Nanaimo man reflects on rescue after getting caught in New Years storm

Photo courtesty of Evan Paterson

Strathcona Park was a white-out of falling snow and poor visibility on Jan. 2 and that’s exactly where Nanaimo’s Evan Paterson and his brother-in-law Luke from Ontario found themselves battling the unrelenting winter storm.

“Yeah, the weather definitely caught us off guard, we weren’t expecting anything like that,” Paterson told CHEK News Friday.

The two men are experienced hikers and snowshoers and had set out the day before to summit Mount Drabble south of Mount Washington but quickly realized in the blinding and deep snow that would be impossible so they settled instead on an overnight camp at Kwai Lake.

“It was just all white,” Paterson added. “It was really a bizarre experience to not see anything around you.”

Paterson had checked several weather forecasts that he says predicted about 30 cm of snow, not the 90 that fell.

They were prepared for the night with food, proper clothing and tents. But once inside their single-person tents, the relentless snow kept piling up outside.

“I recognized my breathing rate was increasing and my brother-in-law was getting a headache and he called out and we’re like yeah we’re buried under here,” Paterson said.

The next morning they set out to make it back to their vehicle at Raven Lodge on Mount Washington but in the new metre-deep snow they could barely move and by the time they made it across Kwai Lake, they knew they would not make it to Raven Lodge before dark.

“As we left the camp, we immediately realized we were in trouble. With every step into the snow, our snowshoes sunk waist-deep into the fresh powder, practically rendering them useless. The moisture of the West Coast snow held on to our legs like wet sand as we pulled out to step forward each time,” Paterson wrote in a blog days later.

“Over the course of an hour, we had only managed to cross Kwai Lake on our way back to Lake Helen Mackenzie, hardly travelling more than 300 metres, and could still see our camp from the night before.”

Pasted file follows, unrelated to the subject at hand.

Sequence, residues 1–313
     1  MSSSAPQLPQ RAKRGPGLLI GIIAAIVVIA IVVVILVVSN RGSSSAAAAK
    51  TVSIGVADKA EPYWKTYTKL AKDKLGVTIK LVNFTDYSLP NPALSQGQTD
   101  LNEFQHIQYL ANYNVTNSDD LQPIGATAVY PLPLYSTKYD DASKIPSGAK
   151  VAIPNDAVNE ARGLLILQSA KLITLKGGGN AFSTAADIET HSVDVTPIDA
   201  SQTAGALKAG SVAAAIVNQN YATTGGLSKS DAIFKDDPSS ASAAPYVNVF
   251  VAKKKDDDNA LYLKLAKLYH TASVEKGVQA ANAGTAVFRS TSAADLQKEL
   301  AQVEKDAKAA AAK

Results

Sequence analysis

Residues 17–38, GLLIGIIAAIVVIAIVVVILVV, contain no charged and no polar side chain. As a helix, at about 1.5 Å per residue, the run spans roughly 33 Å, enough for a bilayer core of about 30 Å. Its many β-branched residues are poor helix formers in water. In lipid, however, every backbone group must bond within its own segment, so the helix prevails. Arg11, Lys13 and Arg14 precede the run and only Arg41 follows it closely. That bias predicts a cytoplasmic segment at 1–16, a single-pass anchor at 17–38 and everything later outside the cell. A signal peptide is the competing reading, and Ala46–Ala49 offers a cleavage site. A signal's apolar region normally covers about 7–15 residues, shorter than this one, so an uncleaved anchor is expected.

It was still before noon when they made the decision to call for help using a SPOT messenger device.

What they didn’t realize was that members of the Comox Valley Ground Search and Rescue team were already in the area searching for another overdue party.

“When we got the call for the second SOS, the satellite messenger, it turns out that we were actually pretty close, we were within a couple of kilometres,” said CVGSAR’s Gord Thompson who was with a secondary search team skiing to Divers Lake to find three other skiers.

Evan and Luke found their way to the Ranger’s cabin where searchers found them warm and dry. They all hiked out to safety together.

The key to the rescue was how early Evan called for help said, Thompson.

“First thing they did right was they had all the necessary essentials to spend another night in the wilderness if they had to, but they called us early, they recognized the trouble they were in and they paged us while there was still daylight left,” said Thompson.

“And they told us that conditions were so bad that if they weren’t already halfway out there they weren’t going to make it that night,” added Paterson.

Dean StoltzDean Stoltz

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